All too often, though, the phrase is wielded as if the symbol of Christianity is not a cross but a couch. It’s subtly used to put the brakes on striving, on working, on effort.
Now, if “let go and let God” solely referenced the moment of justification, it would be fine. But it typically refers to the process of sanctification, which is anything but passive.
The Christian life is grueling. When Paul reflects on it he doesn’t think of sunsets and naps but soldiers and athletes and farmers (2 Tim. 2:3–6). He thinks of running tracks and boxing rings (1 Cor. 9:24–27).
We’re called to work out what God has already worked in us, laboring not for our salvation but from it (Phil. 2:12–13). This dynamic of restful vigilance (Matt. 11:28–30; 16:24)—what the Puritans called “holy sweat”—lies at the heart of Christian experience.
As J. I. Packer once put it, “The Christian’s motto should not be ‘Let go and let God’ but ‘Trust God and get going.’”
4. “God will not give you more than you can handle.”
In a culture that tells us we can be anything we desire, this motivational slogan is meant to encourage, to reassure us that life won’t be too hard. There will be challenges, sure, but God knows my limits. He won’t overdo it.
The problem, however, is that God will give you more than you can handle. He’ll do it to make you lean on him. He’ll do it because he loves you.
Over the past few years, few things have encouraged my soul more than the letters of John Newton (1725–1807), the former slave trader who penned “Amazing Grace.” In one letter to a widow fearing death, Newton writes:
Though our frames and perceptions may vary, the report of faith concerning [the time of death] is the same. The Lord usually reserves dying strength for a dying hour. . . . When the time shall arrive which he has appointed for your dismissal, I make no doubt but that he will overpower all your fears, silence all your enemies, and give you a comfortable, triumphant entrance into his kingdom. You have nothing to fear from death; for Jesus, by dying, has disarmed it of its sting, has perfumed the grave, and opened the gates of glory for his believing people.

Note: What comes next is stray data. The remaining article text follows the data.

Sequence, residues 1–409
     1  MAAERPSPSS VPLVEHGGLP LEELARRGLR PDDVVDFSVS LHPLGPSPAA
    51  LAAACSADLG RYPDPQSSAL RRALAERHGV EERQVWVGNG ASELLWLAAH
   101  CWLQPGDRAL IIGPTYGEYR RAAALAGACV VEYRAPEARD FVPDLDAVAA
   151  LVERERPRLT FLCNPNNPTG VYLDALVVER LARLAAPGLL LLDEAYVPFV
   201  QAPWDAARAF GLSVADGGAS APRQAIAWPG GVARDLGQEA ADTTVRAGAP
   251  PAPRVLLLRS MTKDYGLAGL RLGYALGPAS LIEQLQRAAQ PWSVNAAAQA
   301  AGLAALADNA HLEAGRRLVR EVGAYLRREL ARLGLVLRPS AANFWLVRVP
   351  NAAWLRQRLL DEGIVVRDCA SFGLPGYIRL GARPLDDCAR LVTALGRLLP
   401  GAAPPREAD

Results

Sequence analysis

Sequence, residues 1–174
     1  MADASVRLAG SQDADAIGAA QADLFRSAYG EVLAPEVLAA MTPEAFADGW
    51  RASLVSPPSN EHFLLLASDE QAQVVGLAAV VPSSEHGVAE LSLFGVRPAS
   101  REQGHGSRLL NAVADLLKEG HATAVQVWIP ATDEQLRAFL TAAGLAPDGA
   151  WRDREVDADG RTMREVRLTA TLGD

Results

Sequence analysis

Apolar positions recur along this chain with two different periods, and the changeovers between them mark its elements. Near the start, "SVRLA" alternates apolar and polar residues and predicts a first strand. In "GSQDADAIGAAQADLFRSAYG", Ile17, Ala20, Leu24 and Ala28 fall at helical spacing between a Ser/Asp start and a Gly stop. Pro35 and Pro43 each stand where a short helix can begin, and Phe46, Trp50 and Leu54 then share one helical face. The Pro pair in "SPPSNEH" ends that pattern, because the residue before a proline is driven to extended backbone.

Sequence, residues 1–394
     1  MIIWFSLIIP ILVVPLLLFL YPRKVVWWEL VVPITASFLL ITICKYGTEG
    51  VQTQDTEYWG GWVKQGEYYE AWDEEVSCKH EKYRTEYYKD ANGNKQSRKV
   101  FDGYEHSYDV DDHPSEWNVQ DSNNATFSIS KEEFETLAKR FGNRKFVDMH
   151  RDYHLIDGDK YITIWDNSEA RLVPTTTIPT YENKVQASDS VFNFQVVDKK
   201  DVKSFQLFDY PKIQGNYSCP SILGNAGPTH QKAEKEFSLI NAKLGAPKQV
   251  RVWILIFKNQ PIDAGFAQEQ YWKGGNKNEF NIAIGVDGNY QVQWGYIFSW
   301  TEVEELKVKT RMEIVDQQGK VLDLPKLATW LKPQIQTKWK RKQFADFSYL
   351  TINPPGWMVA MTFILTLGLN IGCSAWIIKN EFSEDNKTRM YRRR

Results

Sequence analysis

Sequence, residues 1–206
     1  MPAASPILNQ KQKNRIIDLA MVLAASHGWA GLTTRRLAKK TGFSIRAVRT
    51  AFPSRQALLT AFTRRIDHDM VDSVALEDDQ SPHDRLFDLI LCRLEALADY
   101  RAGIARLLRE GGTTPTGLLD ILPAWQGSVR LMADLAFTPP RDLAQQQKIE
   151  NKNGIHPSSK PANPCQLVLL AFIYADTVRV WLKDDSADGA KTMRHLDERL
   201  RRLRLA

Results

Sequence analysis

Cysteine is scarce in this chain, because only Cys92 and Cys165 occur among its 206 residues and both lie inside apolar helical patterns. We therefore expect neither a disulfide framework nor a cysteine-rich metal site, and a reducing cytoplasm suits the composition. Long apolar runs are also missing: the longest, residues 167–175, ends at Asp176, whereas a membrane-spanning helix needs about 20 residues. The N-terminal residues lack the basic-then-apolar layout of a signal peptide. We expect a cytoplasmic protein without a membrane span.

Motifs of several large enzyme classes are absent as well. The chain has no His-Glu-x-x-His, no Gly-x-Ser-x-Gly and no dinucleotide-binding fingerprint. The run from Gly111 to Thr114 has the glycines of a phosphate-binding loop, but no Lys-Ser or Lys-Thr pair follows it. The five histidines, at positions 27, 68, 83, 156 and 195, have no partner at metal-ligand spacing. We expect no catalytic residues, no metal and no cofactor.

The good news is not that God won’t give us more than we can handle; it’s that he won’t give us more than he can handle.
5. “God helps those who help themselves.”
I’m not aware of a statement more commonly misidentified as a Bible verse. And the fact that it originates from Benjamin Franklin—not God’s Word—is the best news you will encounter today.
If God only helps those who help themselves, we’re all sunk. But he didn’t come for moral standouts; he came for moral failures (Matt. 9:12–13; Luke 19:10). He came for us.
While this slogan may be a fine summary of the teaching of other religions, the entire message of Christianity hinges on the fact that, as Charles Spurgeon once quipped, “God helps those who cannot help themselves.” Indeed, he helps those who humble themselves, who repent and rely on Jesus alone.
Truth Is Loving
While the heart behind these five mantras is often genuine, they are all unhelpful for one overriding reason: they are unbiblical.
Speaking biblically isn’t just a matter of truth; it’s an issue of love. God’s words, after all, aren’t just true; they’re also good for the world. May we love our neighbors by stewarding our words, and steward our words by speaking what’s true. For love rejoices with the truth (1 Cor. 13:6).